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class Main { public static int log(int x, int base) { return (int) (Math.log(x) / Math.log(base)); } // Function to find two repeating elements in an array of size `n+2` // having a range of elements from 1 to `n` using XOR operator public static void findDuplicates(int[] arr, int n) { // take XOR of all array elements index 0 to `n-1` and // elements from 1 to `n` int result = arr[0] ^ arr[n + 1]; for (int i = 1; i <= n; i++) { result = result ^ arr[i] ^ i; } // `x` and `y` are two odd appearing elements int x = 0, y = 0; // `result` stores `x ^ y` // find the position of the rightmost set bit in `result` int k = log(result & -result, 2); // split the array into two subarrays for (int i = 0; i < n + 2; i++) { // array elements that have k'th bit 1 if ((arr[i] & (1 << k)) != 0) { x = x ^ arr[i]; } // array elements that have k'th bit 0 else { y = y ^ arr[i]; } } // split range [1, n] into two subranges for (int i = 1; i <= n; i++) { // number `i` has k'th bit 1 if ((i & (1 << k)) != 0) { x = x ^ i; } // number `i` has k'th bit 0 else { y = y ^ i; } } System.out.println("The duplicate elements are " + x + " and " + y); } public static void main(String[] args) { int[] arr = { 4, 3, 6, 5, 2, 4, 1, 1 }; int n = 6; // array size is `n+2` findDuplicates(arr, n); } } |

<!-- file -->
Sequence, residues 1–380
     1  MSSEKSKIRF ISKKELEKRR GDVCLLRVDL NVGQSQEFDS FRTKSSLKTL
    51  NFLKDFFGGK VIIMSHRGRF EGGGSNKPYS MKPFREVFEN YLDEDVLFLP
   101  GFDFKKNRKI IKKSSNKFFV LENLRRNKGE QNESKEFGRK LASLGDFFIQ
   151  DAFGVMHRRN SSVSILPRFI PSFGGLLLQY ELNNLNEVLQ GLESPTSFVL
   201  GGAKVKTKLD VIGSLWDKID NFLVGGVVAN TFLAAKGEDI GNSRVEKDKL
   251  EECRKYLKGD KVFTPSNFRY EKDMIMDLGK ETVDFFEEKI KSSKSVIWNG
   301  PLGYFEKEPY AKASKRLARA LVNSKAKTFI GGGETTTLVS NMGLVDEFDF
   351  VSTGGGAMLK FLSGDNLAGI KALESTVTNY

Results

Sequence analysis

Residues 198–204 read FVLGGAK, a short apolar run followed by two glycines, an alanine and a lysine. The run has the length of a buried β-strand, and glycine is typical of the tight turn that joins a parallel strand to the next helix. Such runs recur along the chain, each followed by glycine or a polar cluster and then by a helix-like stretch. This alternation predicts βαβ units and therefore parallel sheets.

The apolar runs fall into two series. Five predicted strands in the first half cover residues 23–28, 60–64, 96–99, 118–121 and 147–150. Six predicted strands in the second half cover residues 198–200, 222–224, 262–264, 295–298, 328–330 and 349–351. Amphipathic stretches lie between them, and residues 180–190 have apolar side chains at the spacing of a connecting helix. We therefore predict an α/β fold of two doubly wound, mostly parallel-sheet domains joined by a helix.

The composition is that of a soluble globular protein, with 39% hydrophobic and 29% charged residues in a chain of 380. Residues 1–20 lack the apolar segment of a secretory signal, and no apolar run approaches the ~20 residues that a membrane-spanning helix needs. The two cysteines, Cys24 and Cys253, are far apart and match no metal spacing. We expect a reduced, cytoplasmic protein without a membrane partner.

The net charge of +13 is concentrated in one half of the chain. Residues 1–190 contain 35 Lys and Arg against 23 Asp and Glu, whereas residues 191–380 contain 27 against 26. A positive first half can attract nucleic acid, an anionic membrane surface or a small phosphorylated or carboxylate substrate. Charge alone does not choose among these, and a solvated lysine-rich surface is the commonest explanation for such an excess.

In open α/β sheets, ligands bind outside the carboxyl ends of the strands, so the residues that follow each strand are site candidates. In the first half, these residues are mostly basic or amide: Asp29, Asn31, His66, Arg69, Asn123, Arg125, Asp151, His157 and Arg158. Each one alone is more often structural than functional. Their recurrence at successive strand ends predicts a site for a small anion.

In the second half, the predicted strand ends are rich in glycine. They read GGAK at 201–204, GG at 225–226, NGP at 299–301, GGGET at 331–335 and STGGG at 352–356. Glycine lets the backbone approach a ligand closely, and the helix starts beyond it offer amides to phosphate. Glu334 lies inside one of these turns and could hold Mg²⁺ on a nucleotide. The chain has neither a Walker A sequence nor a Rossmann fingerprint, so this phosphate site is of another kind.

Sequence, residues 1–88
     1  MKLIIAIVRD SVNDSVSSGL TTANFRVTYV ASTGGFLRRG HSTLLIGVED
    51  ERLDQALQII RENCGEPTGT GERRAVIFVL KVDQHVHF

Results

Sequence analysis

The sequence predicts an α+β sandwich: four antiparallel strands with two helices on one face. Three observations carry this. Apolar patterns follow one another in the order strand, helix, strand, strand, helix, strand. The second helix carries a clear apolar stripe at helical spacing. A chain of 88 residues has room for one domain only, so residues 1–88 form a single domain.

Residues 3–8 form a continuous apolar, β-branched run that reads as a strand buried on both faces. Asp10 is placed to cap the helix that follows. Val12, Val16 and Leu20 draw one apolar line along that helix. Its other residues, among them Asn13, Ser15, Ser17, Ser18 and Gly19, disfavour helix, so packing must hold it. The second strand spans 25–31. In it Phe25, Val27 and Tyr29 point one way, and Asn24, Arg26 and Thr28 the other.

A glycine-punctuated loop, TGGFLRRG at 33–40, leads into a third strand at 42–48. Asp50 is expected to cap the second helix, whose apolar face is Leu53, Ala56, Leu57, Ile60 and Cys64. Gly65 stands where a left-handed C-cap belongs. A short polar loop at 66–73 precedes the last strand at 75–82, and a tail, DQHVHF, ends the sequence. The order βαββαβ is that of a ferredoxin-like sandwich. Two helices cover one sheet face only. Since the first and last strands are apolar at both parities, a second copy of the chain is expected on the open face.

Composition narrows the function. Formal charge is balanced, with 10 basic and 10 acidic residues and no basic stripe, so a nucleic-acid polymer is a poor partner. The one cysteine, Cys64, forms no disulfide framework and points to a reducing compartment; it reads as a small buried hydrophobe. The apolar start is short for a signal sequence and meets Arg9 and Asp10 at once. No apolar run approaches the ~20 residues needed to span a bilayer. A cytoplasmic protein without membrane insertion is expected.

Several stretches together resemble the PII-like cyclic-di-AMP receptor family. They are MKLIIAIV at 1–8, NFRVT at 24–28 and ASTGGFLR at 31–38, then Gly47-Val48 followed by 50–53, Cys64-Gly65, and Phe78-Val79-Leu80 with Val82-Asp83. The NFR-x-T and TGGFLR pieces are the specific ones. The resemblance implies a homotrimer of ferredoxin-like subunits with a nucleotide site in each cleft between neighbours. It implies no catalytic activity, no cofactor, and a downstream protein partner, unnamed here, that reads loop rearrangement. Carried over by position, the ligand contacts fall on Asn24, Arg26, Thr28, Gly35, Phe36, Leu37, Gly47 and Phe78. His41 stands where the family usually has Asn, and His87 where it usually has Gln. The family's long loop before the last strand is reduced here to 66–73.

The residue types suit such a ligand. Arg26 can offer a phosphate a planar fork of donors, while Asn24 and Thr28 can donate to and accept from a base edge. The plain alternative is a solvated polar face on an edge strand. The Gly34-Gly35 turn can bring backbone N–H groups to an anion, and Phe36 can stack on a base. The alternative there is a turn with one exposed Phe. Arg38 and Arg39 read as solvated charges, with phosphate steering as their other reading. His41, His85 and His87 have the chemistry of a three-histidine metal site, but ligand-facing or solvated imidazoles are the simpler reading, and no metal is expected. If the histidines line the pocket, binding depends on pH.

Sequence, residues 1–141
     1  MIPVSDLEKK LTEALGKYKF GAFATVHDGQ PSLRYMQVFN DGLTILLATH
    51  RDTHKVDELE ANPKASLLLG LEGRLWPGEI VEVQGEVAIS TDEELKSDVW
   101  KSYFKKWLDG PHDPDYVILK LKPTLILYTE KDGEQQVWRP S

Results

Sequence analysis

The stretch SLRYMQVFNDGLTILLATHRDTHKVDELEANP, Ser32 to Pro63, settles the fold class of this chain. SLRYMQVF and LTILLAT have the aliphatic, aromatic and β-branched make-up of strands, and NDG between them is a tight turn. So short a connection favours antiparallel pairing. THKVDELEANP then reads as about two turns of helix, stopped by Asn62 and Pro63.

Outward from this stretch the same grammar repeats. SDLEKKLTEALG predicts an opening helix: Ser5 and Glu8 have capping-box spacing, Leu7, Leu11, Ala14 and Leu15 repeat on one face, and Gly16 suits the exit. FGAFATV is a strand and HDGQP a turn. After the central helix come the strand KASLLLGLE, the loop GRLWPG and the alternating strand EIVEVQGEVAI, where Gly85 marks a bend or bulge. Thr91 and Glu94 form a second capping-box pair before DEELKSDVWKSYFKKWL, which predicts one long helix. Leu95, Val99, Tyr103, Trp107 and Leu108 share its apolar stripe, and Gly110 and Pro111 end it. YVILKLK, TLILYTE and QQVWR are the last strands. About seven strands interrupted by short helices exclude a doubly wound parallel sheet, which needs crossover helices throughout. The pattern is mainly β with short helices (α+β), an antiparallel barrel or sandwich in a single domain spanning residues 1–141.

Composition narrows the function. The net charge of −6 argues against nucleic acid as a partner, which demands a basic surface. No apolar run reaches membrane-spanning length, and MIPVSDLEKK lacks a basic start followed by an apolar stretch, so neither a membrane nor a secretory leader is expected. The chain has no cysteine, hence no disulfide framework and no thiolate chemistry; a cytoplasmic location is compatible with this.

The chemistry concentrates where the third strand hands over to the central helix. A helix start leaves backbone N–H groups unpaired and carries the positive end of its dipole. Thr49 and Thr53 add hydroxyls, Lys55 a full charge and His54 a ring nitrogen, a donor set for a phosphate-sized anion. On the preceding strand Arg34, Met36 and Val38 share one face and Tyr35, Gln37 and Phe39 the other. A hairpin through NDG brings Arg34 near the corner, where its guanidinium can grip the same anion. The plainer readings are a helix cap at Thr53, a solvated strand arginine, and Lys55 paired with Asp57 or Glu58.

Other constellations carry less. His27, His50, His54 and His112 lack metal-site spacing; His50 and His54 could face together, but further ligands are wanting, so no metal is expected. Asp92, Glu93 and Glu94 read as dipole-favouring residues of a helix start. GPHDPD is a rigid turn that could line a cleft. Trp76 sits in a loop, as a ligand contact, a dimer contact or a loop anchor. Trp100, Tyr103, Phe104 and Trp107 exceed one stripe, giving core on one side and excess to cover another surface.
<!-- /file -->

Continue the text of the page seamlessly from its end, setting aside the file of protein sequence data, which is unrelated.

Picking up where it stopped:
**Output:**

The duplicate elements are 1 and 4

## Python

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from math import log def log2(x, base): return int(log(x) // log(base)) # Function to find two repeating elements in a list of size `n+2` # having a range of elements from 1 to `n` using XOR operator def findDuplicates(arr, n): # take XOR of all list elements index 0 to `n-1` and # elements from 1 to `n` result = arr[0] ^ arr[n + 1] for i in range(1, n + 1): result = result ^ arr[i] ^ i # `x` and `y` are two odd appearing elements x = y = 0 # `result` stores `x ^ y` # find the position of the rightmost set bit in `result` k = log2(result & -result, 2) # split the list into two sublists for i in range(n + 2): # list elements that have k'th bit 1 if arr[i] & (1 << k): x = x ^ arr[i] # list elements that have k'th bit 0 else: y = y ^ arr[i] # split range [1, n] into two subranges for i in range(1, n + 1): # number `i` has k'th bit 1 if i & (1 << k): x = x ^ i # number `i` has k'th bit 0 else: y = y ^ i print(f'The duplicate elements are {x} and {y}') if __name__ == '__main__': arr = [4, 3, 6, 5, 2, 4, 1, 1] n = 6 # list size is `n+2` findDuplicates(arr, n) |

**Output:**

The duplicate elements are 1 and 4